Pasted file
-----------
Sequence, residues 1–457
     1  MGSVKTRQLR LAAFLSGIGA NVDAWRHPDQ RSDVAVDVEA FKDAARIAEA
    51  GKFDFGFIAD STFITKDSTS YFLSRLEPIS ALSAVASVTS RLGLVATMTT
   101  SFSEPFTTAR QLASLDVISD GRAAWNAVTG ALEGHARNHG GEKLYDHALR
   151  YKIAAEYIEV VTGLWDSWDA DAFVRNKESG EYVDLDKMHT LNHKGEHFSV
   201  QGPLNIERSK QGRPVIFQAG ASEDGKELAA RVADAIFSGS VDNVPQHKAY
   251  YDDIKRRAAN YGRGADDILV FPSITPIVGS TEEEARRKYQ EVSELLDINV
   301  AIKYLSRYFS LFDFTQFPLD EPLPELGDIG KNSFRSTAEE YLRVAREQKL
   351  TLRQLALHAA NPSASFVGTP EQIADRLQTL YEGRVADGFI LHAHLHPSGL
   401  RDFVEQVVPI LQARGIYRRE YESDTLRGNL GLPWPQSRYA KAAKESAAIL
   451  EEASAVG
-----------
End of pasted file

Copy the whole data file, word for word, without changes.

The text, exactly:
Sequence, residues 1–457
     1  MGSVKTRQLR LAAFLSGIGA NVDAWRHPDQ RSDVAVDVEA FKDAARIAEA
    51  GKFDFGFIAD STFITKDSTS YFLSRLEPIS ALSAVASVTS RLGLVATMTT
   101  SFSEPFTTAR QLASLDVISD GRAAWNAVTG ALEGHARNHG GEKLYDHALR
   151  YKIAAEYIEV VTGLWDSWDA DAFVRNKESG EYVDLDKMHT LNHKGEHFSV
   201  QGPLNIERSK QGRPVIFQAG ASEDGKELAA RVADAIFSGS VDNVPQHKAY
   251  YDDIKRRAAN YGRGADDILV FPSITPIVGS TEEEARRKYQ EVSELLDINV
   301  AIKYLSRYFS LFDFTQFPLD EPLPELGDIG KNSFRSTAEE YLRVAREQKL
   351  TLRQLALHAA NPSASFVGTP EQIADRLQTL YEGRVADGFI LHAHLHPSGL
   401  RDFVEQVVPI LQARGIYRRE YESDTLRGNL GLPWPQSRYA KAAKESAAIL
   451  EEASAVG